As the Pew Research Center recently found, today’s young people are “less likely than older generations to be affiliated with any religion.” The question is whether this trend is a good thing or a bad thing.
If you are a person of faith, you may worry about the souls of these “millennials,” the generation born after 1980. If you are a critic of organized religion, you may rejoice.
From a more neutral perspective, we can ask about the lasting impact on politics and democracy. After all, political movements in America have often drawn on religious movements for recruitment, leadership, financing, and moral vision. That was true, for example, of abolitionism, of Prairie Populism in the 1890s, of the civil rights movement of the 1950s and ’60s, and of the United Farm Workers’ struggles on behalf of migrant workers.
Perhaps society can or will develop functional equivalents or replacements for churches and other congregations. Denominations have done harm as well as good, and there may be other paths to worldly justice and happiness. But equivalents will have to meet several demanding criteria.
First, replacements for religious congregations will have to solve the problem of recruitment. Congregations recruit by promising to save souls. Parents in their pews recruit their own children, starting almost from birth. Once people are in a religious denomination, they have opportunities (to varying degrees) to develop leadership skills, networks, and concern for public issues. In short, churches are not dependent on civic motivations for recruitment.
In contrast, most of today’s civic and political organizations ask people specifically to work on social or political causes. Many people are not very interested in public issues, and they are unlikely to join. If religious congregations continue to weaken, we will need new methods for recruiting a wide range of people into civic life.
Second, we’ll have to pay attention to pluralism and freedom of choice. Since colonial times, America has offered not one but many religious faiths, denominations within those faiths, congregations within each denomination, and small groups within each congregation. Every religious tradition offers a rich array of ideas, many in tension or even conflict with each other. Religious believers can make their own paths. In that sense, religion expands freedom.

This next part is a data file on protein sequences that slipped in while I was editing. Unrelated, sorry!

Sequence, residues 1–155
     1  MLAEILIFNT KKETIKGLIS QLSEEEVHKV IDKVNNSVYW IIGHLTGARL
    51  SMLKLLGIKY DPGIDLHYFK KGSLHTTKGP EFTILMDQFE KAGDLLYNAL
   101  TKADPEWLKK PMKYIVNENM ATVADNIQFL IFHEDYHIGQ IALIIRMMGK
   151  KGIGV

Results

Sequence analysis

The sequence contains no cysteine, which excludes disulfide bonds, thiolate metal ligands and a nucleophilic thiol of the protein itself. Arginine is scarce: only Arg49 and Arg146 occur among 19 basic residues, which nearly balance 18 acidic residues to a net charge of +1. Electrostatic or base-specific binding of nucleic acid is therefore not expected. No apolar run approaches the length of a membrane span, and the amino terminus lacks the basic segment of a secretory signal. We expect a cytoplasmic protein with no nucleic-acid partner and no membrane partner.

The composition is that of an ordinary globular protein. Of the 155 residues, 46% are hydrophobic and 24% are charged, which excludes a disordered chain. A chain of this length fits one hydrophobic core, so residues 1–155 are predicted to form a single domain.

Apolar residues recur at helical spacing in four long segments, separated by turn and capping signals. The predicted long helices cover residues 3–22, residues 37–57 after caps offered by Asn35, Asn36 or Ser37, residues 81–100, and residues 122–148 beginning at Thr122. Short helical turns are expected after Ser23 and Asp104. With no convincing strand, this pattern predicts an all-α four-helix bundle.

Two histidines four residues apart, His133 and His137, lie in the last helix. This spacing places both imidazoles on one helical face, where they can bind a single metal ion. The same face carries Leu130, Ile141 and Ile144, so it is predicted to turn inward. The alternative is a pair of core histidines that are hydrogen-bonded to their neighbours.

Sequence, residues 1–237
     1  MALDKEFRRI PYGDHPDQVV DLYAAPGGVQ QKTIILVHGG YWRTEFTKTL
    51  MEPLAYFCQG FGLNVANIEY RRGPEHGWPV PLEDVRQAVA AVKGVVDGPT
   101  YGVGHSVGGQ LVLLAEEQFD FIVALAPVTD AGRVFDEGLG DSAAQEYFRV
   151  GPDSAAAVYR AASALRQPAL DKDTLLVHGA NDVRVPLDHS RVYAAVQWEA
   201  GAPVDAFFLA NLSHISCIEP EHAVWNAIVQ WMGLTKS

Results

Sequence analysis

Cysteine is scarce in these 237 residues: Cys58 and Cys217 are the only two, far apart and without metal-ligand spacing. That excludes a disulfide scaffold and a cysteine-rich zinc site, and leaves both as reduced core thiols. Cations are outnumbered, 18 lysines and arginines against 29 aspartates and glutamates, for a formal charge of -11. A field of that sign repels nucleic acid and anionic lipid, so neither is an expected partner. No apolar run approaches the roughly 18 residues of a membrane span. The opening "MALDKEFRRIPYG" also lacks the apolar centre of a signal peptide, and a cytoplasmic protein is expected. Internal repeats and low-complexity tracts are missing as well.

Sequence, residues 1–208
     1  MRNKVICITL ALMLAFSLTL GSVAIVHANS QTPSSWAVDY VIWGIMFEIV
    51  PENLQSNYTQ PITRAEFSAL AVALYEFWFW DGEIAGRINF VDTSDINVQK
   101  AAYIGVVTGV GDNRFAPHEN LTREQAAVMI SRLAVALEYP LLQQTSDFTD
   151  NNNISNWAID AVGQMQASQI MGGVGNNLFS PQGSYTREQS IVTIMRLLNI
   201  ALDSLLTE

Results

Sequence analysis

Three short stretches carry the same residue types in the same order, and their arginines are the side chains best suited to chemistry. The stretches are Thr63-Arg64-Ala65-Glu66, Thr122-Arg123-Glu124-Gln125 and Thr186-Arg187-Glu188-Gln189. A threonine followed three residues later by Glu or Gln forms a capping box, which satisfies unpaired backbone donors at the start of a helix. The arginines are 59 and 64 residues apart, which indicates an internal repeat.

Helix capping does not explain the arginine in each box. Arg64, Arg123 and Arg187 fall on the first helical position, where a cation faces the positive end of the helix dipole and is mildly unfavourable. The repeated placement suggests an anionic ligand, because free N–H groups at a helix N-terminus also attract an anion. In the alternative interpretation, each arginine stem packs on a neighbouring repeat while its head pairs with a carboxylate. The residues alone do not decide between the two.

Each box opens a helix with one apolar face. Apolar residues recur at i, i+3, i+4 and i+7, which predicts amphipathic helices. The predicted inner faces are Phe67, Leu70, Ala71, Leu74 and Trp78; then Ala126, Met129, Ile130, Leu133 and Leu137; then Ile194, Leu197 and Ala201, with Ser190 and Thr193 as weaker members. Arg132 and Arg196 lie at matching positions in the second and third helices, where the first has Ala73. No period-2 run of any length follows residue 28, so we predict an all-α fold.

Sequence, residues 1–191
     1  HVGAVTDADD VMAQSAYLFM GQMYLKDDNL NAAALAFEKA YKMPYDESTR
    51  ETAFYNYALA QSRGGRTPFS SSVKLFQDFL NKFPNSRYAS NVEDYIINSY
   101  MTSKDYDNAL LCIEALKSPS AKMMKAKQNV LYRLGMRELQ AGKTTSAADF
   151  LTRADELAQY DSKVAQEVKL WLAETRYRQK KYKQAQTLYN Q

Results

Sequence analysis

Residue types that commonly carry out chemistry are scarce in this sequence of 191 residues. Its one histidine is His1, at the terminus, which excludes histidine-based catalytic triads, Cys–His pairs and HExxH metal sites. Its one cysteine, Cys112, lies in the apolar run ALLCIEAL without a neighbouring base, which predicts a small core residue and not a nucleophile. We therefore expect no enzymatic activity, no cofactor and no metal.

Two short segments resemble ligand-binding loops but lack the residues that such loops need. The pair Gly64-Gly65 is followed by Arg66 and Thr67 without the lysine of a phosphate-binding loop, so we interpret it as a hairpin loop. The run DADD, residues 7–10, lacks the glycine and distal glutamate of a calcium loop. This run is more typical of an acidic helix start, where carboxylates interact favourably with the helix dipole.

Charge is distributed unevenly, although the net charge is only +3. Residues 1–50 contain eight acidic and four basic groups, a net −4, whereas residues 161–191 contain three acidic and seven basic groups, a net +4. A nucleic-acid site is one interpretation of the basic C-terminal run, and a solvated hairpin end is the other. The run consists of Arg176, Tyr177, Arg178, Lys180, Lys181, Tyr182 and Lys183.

There is a drawback to so much pluralism and choice. Sunday morning is the most segregated time of the week, not only by race but also by ideology, class, and culture. Ideally, religious leaders recognize that problem and build structures to connect congregations: interfaith dialogues and broad-based religious organizing efforts, for example. These connections keep individual congregations from becoming too morally disconnected and intolerant. In other words, religious people strive to build bridges as well as walls.
Today, most other efforts to bring diverse people together are very weak, and the potential of interfaith organizing is relatively impressive. Any replacement for religious membership will have to match the moral power of religious narratives. It is always hard to keep going with civic and political work; persistence is a lot easier if you see yourself connected to a permanent community with a prophetic vision of the future.
Religions also appeal to deep moral commitments. While you do not have to be religious to be moral, being a good citizen requires commitments to other people — and perhaps to nature — as intrinsically valuable. Those commitments do not come from science or reason. In fact, science suggests that people are dramatically unequal and that nature is fully exploitable. So responsible people develop “faith-based” commitments. Secular equivalents must be at least as powerful.
Peter Levine is a professor of citizenship and public affairs at Tufts University and is the director of the Center for Information and Research on Civic Learning and Engagement. His most recent book is We Are The Ones We Have Been Waiting For: The Promise of Civic Renewal in America. Via RNS.